The Peloton Experience

Don’t have three grand for a exercise bike?

Yeah, neither do I.

But I did have $150, which I used to secure the rather plain exercise bike you see above, and it provides the same results minus the bells and whistles. We are, after all, talking about pedaling in place.

I bought the exercise bike because my knees are shot and riding the exercise bike is far less painful than running or other exercises I prefer to do until I get my knees fixed. Pain, mentally concentrating as it is, drove me to this particular place and it is what it is, which is that exercise is good anyway you can get it. Or so they tell me.

And how you get it, based on what the TV tells me, is seismically important. As is what it says, or purports to say, about the direction that a particular element of upwardly mobile society should take. Which is fancy talk for it should be exciting and forward leaning and fun and a good step above the plebeian hoi-polloi.

And, as the TV say, that’s where I should be.

Because… and I don’t think this will come as a shock to anyone, pedaling on a stationary bike is a dull business, my friends. And the rather utilitarian aspect of the above “bike” issues in spades its “uncoolness”. It’s one of those things one wouldn’t want to be caught dead on.

Evidently, I’m missing out. So, what to do?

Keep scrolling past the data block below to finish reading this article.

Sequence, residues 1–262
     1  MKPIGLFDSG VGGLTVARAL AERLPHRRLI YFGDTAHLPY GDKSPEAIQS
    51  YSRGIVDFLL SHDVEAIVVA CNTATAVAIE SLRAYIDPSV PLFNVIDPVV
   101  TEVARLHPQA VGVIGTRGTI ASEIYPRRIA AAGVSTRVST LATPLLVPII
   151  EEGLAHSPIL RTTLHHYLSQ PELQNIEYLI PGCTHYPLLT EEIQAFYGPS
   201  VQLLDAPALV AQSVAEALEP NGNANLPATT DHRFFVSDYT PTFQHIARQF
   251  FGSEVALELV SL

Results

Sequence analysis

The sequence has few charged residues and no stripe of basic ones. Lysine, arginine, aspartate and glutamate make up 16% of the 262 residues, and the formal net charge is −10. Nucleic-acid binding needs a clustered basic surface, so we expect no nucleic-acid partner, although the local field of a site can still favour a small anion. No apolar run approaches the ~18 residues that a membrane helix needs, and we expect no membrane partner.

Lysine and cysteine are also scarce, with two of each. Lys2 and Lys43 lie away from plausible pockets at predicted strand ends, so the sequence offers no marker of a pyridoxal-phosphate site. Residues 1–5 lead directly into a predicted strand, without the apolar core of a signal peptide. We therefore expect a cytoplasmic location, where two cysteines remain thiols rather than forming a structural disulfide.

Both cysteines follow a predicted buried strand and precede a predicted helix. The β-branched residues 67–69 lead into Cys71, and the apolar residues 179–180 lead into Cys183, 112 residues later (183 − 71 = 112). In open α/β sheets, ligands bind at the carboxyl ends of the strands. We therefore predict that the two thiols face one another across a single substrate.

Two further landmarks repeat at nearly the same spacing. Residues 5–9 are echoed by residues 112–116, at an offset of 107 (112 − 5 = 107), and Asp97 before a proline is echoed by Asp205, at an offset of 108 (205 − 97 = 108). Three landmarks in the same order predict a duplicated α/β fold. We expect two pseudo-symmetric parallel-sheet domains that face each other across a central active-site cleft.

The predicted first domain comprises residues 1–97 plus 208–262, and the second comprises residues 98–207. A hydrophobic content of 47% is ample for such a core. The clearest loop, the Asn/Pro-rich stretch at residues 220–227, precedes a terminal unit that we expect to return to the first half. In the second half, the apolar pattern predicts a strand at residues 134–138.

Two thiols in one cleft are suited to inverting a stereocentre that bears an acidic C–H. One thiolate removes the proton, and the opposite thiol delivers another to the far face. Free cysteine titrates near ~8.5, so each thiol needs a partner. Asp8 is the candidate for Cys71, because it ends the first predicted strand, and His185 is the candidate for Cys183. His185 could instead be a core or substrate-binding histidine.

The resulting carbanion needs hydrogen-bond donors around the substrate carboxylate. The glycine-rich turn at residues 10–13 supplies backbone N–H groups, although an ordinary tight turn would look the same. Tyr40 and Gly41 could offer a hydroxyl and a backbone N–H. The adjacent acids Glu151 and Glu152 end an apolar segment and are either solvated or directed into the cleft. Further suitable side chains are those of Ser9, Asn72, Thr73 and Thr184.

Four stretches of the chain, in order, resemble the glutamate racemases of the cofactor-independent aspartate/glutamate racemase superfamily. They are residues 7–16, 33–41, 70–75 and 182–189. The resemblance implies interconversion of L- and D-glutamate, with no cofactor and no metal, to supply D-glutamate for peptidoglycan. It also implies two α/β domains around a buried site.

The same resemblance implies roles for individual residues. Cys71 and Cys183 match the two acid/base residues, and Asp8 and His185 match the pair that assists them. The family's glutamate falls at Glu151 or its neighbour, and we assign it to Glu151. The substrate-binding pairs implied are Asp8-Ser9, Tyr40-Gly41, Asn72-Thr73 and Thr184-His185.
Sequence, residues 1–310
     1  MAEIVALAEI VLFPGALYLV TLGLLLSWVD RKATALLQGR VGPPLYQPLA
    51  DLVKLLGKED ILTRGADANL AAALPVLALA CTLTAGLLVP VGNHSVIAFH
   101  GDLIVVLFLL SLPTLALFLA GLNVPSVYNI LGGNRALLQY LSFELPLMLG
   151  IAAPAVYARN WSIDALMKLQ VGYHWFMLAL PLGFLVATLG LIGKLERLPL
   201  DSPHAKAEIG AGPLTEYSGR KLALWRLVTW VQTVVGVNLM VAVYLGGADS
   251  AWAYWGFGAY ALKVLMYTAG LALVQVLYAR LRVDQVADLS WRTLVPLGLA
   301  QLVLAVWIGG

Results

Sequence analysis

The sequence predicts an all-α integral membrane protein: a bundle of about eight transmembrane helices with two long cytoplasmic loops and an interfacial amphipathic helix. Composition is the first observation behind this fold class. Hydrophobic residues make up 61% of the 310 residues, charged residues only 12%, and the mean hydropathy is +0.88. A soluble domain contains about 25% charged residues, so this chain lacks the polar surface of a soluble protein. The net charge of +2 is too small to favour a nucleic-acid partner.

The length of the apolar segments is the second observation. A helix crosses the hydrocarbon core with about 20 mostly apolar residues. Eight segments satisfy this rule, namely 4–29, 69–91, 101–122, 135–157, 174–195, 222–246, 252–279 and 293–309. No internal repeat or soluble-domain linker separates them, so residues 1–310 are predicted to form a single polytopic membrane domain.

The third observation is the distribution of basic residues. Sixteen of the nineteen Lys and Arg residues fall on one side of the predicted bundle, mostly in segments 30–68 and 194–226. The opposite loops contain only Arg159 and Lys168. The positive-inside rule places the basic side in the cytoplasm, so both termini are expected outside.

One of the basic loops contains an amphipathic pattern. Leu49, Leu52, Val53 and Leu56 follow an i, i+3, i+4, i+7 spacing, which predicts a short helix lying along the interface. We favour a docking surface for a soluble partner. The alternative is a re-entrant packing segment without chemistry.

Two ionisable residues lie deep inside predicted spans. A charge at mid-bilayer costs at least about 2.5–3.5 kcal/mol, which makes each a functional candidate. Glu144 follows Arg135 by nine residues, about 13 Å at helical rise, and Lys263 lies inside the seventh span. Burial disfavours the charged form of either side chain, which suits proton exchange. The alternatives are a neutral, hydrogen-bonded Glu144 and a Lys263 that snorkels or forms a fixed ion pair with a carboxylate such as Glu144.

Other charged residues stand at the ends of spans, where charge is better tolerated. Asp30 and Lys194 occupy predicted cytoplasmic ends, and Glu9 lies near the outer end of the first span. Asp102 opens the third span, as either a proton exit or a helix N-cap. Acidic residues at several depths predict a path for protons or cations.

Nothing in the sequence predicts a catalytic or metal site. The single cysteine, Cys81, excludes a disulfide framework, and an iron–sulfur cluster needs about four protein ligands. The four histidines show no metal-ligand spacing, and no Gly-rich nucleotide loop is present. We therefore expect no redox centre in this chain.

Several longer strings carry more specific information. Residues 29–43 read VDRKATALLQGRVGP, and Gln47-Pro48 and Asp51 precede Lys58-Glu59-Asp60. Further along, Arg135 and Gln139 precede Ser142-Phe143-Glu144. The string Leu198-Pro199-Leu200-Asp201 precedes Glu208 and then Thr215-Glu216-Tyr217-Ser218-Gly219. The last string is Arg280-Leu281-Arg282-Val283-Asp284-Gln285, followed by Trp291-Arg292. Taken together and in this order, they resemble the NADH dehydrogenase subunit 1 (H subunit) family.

The answer then, as the ads for Peloton, NordicTrack, and Mirror.co will tell you, is to be part of a vibrant supportive online community of exercise go-getters. The enticing ads, as all of them do, show young, physically fit, energetic types joyfully sweating it out in orgiastic glory with the loving support of their husbands, wives, kids, significant others, etc. None are older, fatter, poorer-as the homes in which these ads take place are quite stylish-and expensive. Which means most of us, like the guy who bought the utilitarian model pictured above, probably aren’t the target audience.

But what does it say about the target audience? That we all want to be young, vibrant, and physically fit, whether we are or only wish to be. All you need is yourself and expensive gear which mitigates the following questions:

Go outside? In this weather? A gym? With real people?

Apparently that’s not so good. And one can see why. Outside you have to deal with varying types of weather, heavy vehicles driven by people more attentive to their phones than the road, who very well might run you down, and the fact that the farther you travel, the longer it takes you to get back. Gyms are rarely packed with good-looking physically fit types and exercise does not enhance the body odor experience. Plus, you have to get there and back, and shower with strangers or stink up the car. Bad.

So why bother when you can experience it in your very own home. And if you blow it off, who will know? And who doesn’t want to exercise in front of a mirror? Narcissus would be so proud. An added plus is you get to show it off when your friends come over, assuming you have friends come over.

©2020 David William Pearce

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